Metaphor understanding in school-aged children: from a good-enough to a very good understanding? - Université de Reims Champagne-Ardenne Access content directly
Conference Papers Year : 2023

Metaphor understanding in school-aged children: from a good-enough to a very good understanding?


Understanding implicit meaning, such as in metaphor, is an essential competence to language, social development and academic success. While some authors have shown that children understand metaphors from 3 years old (e.g., Pouscoulous & Tomasello, 2020), others have found a later understanding, around 8 years old (e.g., Deckert et al., 2019). This divergence could be explained by distinguishing several levels of understanding for metaphorical statements. This is in line with the “goodenough” theory of language comprehension proposed by Ferreira (2002) according to which adults often process language with heuristics which allowed them to apprehend utterances meaning in a “good enough” way. Understanding would not be either correct or incorrect: some representations incomplete and imprecise are correct enough. In the present study, we studied the development of metaphor comprehension during the school period within this theoretical framework. We investigated if the distinction between a “good” and a “good-enough” comprehension could reconcile the proponents of an early understanding of metaphors with those of a late understanding. The participants ( 350 children between 5 and 11 years old) heard short stories ending with a metaphor. Then we asked them to judge the extent to which an utterance adequately rephrased the target metaphor on a 5-point scale. For each metaphorical statement (e.g., "A butterfly is a rainbow"), two types of acceptable reformulations were distinguished: the "metaphorical" reformulations conveyed accurately the meaning of the metaphor (e.g., “butterflies are full of colors”) while the “situational” reformulations meaning was acceptable regarding the whole situation but not really accurate (e.g., “butterflies are very beautiful insects”). The results showed an interaction between the age (continuous variable, from 5 to 11 years) and type of reformulations (metaphorical vs. situational). While older children found metaphorical reformulations to be significantly more adequate in reformulations metaphors than situational reformulations, which showed a good understanding, this difference is much smaller and non-significant in younger children, which suggests that they were satisfied with a good-enough understanding of metaphors. These results suggest that metaphor comprehension not only improves during childhood, but also that it probably changes in nature, with young children less likely to engage in fine processing of metaphors meaning, the only way to enable them to distinguish metaphorical reformulation from situational reformulation. How this capacity to engage in “fine” processing of metaphors is encouraged and exploited by school learning remains to be explored.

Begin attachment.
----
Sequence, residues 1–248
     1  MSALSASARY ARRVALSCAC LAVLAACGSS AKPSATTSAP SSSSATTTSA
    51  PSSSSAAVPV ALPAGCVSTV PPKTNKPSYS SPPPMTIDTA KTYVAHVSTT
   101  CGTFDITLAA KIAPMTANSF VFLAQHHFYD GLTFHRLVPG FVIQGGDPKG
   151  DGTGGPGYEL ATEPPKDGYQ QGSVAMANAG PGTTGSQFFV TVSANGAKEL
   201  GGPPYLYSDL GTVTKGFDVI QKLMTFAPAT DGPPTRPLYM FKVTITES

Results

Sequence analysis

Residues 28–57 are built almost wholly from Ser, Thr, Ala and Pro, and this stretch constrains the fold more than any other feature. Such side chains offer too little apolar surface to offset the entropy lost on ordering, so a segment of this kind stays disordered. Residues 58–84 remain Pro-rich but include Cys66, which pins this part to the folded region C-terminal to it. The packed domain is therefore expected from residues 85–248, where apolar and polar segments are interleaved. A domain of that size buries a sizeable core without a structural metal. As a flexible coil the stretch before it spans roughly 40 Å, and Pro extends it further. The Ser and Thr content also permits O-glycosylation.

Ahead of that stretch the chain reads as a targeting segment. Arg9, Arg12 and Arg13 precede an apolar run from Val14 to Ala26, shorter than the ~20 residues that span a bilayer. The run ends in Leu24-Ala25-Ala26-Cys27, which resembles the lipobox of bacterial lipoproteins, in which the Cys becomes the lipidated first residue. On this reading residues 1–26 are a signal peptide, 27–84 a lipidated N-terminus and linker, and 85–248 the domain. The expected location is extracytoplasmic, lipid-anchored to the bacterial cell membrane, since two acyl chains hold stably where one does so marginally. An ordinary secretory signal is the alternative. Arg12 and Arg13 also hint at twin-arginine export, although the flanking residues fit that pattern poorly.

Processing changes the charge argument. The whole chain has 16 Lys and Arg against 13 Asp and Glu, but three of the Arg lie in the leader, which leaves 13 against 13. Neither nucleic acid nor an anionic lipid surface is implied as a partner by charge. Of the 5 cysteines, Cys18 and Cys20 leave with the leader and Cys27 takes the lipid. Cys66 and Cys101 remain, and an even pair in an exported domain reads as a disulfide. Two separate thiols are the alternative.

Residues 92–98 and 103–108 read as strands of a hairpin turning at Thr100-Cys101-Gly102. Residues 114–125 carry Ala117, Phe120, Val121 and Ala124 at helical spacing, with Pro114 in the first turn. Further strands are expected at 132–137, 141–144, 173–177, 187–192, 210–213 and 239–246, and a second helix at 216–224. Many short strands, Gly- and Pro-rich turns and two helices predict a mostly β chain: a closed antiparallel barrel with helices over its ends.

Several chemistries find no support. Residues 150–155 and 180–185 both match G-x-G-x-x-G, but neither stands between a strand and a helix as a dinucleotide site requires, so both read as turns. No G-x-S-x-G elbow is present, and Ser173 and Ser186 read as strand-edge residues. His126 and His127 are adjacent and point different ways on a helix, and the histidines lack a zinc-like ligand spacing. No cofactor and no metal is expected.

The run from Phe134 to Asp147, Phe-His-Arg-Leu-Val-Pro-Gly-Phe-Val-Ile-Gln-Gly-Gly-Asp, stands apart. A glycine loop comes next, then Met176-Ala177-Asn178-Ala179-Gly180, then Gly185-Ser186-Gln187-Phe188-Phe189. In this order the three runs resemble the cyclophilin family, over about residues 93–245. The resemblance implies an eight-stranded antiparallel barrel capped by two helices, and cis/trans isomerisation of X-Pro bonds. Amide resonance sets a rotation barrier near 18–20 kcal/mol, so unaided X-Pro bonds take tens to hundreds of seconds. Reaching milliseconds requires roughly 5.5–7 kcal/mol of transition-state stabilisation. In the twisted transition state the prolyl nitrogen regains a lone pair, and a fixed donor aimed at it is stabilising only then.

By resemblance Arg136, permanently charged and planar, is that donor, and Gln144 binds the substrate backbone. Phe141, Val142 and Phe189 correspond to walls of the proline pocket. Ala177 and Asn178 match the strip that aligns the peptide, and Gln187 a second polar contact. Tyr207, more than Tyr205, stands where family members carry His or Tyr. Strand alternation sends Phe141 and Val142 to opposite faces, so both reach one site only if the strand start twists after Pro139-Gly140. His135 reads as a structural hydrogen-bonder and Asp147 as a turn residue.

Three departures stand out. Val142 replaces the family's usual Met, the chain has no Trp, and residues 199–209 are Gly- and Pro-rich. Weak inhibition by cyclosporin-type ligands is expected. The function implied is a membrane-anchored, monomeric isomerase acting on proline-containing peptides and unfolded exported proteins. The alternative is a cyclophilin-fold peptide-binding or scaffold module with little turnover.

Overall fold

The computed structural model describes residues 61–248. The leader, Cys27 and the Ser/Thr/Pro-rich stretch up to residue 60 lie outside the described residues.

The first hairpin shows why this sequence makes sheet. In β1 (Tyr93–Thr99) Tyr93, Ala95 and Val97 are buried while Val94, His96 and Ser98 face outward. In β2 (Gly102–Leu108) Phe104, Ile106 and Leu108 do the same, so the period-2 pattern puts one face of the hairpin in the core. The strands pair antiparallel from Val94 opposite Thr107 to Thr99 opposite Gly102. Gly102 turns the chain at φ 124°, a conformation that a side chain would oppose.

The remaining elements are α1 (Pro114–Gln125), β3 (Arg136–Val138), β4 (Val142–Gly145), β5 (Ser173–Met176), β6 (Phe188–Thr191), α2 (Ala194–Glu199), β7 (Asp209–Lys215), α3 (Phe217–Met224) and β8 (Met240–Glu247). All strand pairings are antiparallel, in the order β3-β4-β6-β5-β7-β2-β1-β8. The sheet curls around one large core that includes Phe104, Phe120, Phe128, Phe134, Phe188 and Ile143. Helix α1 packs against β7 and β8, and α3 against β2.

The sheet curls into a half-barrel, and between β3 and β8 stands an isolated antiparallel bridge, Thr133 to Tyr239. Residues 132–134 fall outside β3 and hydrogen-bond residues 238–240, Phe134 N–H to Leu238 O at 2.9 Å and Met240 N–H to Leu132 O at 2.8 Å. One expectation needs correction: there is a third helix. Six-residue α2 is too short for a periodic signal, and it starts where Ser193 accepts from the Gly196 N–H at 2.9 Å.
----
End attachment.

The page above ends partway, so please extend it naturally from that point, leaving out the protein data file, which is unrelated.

No file

Dates and versions

hal-04236351 , version 1 (10-10-2023)




  • HAL Id : hal-04236351 , version 1


Sarah Ferrara, Marc Aguert, Christelle Declercq. Metaphor understanding in school-aged children: from a good-enough to a very good understanding?. European Conference on Developmental Psychology (ECDP), European Association on Developmental Psychology, Aug 2023, Turku, Finland. ⟨hal-04236351⟩
14 View
0 Download


Gmail Facebook X LinkedIn More